“Sometimes someone says something really small and it just fits into this empty place in your heart.” —My So-Called Life
Yesterday I saw my high school Algebra teacher. He was accompanied by his wife, who also worked at my high school as a counselor and vice principal. This would be unremarkable if I were in my home town, but I was at work 600 miles from home. I second-guessed myself when I fist saw him, but his wife was unmistakable. I wanted to find a reason to speak to them, knowing that a decade after I took his class he would have no reason to remember me, but was busy with customers.
My mood lifted when I saw them, a piece of home where I never expected it. Finally I approached his wife and introduced myself. She was never my counselor, so she also had no reason to recognize me. When I told her my name she smiled and said that she remembered it from my time at the school. While this may have been polite courtesy, she then asked who my parents were and nodded as I named them, making connections in her head. Finally, she asked I attended the elementary school that, in fact, I did attend. She laughed and said that she knew me through my sixth grade teacher, her close friend and walking partner.
This whole interaction left me glowing. A woman who had no business knowing me and, in fact, did not know me, somehow knew who I was. She remembered my name, my history, my people. She could have feigned recognition, but she knew me through a teacher that I loved. There was a time in my life when I was someone people knew. I was involved, a leader, someone who stood out. For twenty-two years, I was noteworthy. I’ve spent the past three years being reminded how unimportant, unremarkable, insignificant I am. I am surrounded by people who do not know my name, even when I am wearing a name tag. I have come to have a hard time discerning which me is the real me, which is the fraud.
Tonight I spent time with some friends from college. I met many of their new friends, most of whom are pursuing post-graduate degrees or are working in fulfilling “real” jobs. I felt out of place, embarrassed whenever I was asked what I do. At the same time, I talked with new people, asked about their lives, was engaging and enjoyed getting to know them. In a moment of clarity, I saw the me that used to be confident, personable and social. I saw the person I used to be, that person that relative strangers knew. Inadequacy quickly took over and I was ready to hide in my anonymity soon enough, but for a few minutes, the old me surfaced.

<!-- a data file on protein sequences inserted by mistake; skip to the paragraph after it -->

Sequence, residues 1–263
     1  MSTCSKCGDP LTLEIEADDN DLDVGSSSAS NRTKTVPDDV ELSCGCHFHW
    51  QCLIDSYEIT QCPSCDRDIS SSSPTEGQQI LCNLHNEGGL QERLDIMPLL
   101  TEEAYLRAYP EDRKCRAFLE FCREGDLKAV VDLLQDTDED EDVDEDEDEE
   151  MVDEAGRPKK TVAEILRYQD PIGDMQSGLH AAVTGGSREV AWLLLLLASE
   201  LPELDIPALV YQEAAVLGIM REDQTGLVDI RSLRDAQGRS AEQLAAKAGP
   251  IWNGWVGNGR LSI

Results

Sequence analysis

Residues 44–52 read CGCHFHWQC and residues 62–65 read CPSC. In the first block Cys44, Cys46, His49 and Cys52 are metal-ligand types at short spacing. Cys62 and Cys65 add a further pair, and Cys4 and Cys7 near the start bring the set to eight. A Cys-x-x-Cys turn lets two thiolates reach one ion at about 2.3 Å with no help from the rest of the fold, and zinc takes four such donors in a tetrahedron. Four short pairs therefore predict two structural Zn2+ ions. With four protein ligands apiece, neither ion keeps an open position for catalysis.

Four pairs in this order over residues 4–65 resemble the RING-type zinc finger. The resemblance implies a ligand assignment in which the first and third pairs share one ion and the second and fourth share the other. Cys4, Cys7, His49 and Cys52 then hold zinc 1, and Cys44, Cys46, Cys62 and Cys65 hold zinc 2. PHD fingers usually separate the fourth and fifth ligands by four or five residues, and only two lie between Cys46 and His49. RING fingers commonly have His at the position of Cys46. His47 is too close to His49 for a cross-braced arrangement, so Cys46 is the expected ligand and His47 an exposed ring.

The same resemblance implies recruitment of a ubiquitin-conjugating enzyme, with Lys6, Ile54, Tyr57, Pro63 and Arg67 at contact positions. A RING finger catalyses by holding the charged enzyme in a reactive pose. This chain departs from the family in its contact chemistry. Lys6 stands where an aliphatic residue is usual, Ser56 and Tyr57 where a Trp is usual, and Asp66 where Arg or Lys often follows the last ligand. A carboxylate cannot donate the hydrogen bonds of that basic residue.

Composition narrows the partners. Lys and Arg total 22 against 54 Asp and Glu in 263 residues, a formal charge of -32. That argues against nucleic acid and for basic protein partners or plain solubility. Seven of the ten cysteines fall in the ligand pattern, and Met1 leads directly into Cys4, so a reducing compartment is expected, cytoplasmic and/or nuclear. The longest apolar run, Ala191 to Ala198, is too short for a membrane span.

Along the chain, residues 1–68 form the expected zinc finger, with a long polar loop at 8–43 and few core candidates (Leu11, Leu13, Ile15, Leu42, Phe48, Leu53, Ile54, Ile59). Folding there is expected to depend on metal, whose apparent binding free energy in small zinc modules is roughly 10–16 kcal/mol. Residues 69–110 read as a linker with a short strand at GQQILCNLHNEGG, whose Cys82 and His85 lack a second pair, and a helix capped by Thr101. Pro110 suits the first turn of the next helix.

On the way home, my friend played a “sweet” song for me. Not being a fan of country music, I was biased and not incredibly inclined to listen, but I gave it a shot. My polite patience turned into almost immediate tears. The song was “The House That Built Me,” about going back to your roots when you’re lost. It’s about revisiting a childhood house, but it’s so much more. It’s finding the place that created the person you are, the world that bore you. Finding that origin, that point of creation, might bring back the person we’ve lost.
While there is a powerful healing that comes from visiting my house, home is much more. Home is seeing the friends who knew me when I worked hard, achieved high and led my peers. Home is seeing my parents, getting notes from them in the mail. It’s seeing someone who knew you by reputation, who remembers you a decade later, and gently reminds you that you are someone worth seeing.
I was someone important, someone impressive. I do not say this arrogantly or lightly. I say this because I was reminded, by a piece of home, of who I used to be in my past life. I say this because I hope, deep inside, I still am.
“I thought if I could touch this place or feel it/ This brokenness inside me might start healing/ Out here it’s like I’m someone else/ I thought that maybe I could find myself…” –Miranda Lambert, “The House That Built Me”